Seventh, social reforms grew out of Luther’s concepts of liberty, true tolerance, and the image of God in all humanity. What would follow is the abolition of slavery as William Wilberforce and others were inspired to fight for and eventually win in the UK and elsewhere. The abolition movement spilled over into the United States. Caring for the needs of the poor by establishing societies and ministries that would care for the underprivileged and hurting were birthed. Religious tolerance and ecumenism would be realized amongst the Christian denominations that would eventually form.
Eighth, “Luther emphasized the Priesthood of all believers. Luther had remarkable insight. He did not believe that we were our own priest. This is an American perversion of his view. He believed that even the laity were each other’s priests. We are either too hard or too easy on ourselves. We need other Christians to be more objective in helping us forgive ourselves. In many ways, he anticipated the modern counseling movement.”
Finally, “in the end, what Luther did was not merely to open a door in which people were free to rebel against their leaders, but to open a door in which people were obliged by God to take responsibility for themselves and free to help those around them who could not help themselves.” With Luther comes the freedom to do what is right. Ultimately, “Luther helped encourage people to depend more on God, to deepen their relationship with him personally, and to increase their knowledge of this Scriptures.”
Today millions of people worship in churches inspired by Luther’s Reformation .
(Several of the above quotes come from Eric Metaxas’ excellent book, Martin Luther: The Man Who Rediscovered God and Changed the World)
01/30/2017Posted by on
I like Yassin. He is a good refugee. I would eat his wraps if I were there.
01/20/2017Posted by on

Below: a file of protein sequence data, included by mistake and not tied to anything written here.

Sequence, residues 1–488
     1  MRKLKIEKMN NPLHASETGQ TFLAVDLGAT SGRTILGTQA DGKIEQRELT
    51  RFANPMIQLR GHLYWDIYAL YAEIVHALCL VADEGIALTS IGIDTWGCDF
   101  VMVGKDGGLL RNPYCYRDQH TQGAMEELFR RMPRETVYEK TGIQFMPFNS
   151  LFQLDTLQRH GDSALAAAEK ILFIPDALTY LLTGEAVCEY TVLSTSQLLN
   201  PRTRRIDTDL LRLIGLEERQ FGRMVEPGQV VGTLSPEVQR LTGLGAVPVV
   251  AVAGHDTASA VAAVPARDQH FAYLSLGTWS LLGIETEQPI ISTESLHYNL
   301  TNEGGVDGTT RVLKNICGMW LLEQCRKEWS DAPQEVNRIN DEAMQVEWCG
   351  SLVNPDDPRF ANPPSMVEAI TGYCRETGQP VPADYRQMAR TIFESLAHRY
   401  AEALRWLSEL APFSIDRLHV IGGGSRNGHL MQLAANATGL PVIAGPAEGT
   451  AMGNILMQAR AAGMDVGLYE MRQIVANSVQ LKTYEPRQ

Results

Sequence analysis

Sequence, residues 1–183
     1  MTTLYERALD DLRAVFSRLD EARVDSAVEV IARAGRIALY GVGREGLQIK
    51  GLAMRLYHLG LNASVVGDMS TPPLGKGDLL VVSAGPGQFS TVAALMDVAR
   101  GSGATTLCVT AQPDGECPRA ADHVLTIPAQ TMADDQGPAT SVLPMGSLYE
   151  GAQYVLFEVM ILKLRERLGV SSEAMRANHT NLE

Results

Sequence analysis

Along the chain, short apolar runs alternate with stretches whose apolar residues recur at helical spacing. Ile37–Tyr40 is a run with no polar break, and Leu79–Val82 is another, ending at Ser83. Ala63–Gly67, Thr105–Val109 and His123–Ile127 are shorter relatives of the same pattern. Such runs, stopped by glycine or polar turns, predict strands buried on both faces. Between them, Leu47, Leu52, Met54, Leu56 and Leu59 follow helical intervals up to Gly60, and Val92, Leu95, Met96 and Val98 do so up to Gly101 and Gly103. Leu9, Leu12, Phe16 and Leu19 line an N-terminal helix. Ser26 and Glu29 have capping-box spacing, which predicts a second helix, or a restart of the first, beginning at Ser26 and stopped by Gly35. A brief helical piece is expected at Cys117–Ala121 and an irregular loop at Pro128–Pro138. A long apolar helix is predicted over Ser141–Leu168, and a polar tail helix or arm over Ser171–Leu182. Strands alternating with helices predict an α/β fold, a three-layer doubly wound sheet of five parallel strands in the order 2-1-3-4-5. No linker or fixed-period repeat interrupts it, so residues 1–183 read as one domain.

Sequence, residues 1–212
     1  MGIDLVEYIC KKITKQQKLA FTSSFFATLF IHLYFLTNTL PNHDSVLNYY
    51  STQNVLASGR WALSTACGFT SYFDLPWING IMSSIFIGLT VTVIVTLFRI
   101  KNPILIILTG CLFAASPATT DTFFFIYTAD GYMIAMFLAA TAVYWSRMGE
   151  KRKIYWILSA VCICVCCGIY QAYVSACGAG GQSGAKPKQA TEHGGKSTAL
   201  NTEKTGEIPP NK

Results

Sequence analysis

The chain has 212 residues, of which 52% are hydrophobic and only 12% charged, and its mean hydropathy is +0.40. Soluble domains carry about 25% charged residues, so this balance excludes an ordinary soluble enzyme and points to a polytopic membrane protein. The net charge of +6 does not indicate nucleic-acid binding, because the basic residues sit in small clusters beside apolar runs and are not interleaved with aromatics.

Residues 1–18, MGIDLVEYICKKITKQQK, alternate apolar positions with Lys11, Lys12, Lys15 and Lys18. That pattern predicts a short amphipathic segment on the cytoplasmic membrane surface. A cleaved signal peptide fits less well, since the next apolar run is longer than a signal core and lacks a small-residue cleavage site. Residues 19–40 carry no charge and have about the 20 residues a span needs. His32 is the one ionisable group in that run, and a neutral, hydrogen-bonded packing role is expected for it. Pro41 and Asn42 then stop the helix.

The first orthodox Rabbi to give benediction at a US presidential inauguration cited a psalm highlighting Jerusalem at Friday’s ceremony.
He used Psalm 137 and Psalm 15 in his prayer. More power to him. Thankful to see the ministers at the Inauguration today.
01/02/2017Posted by on
12/12/2016Posted by on
12/07/2016Posted by on
10/27/2016Posted by on
Why it’s the best and worst of times for India’s burgeoning churches.
The world’s most unexpected megachurch pastor might be an illiterate, barefoot father of five.
Bhagwana Lal grows maize and raises goats on a hilltop in Rajasthan, India’s largest state, famous for its supply of marble that graces the Taj Mahal. He belongs to the tribals: the cultural group below the Dalits, whose members are literally outcasts from India’s caste system (and often called “thumb signers” because of how they vote). Read more of this post
10/20/2016Posted by on
They wanted to live life like you and I. Read more of this post
09/11/2016Posted by on
This is a painful day for many Americans. I grieve with those for their lost loved ones. Let us not forget what happened just 15 years ago. Some evil element attacked freedom and the march against our freedoms continue inside the USA and from the outside.
Watch this video with me. I hope Mr Pipes is correct. Regardless, we keep our vigilance against tyranny in support of freedom for all of humanity.
09/02/2016Posted by on
Since I was very little I’ve been hearing stories about the holocaust. These were not stories that a friend of a friend told me. These were my family stories. My grandmother used to tell me about the times she was separated from my grandpa, not knowing if he was alive. Whenever I wouldn’t eat she would bring up stories about starvation in the labor camp she spent years of her youth. The holocaust has always been present in my mind making me appreciate the life that I have and fear the possibility of something similar happening again. Read more of this post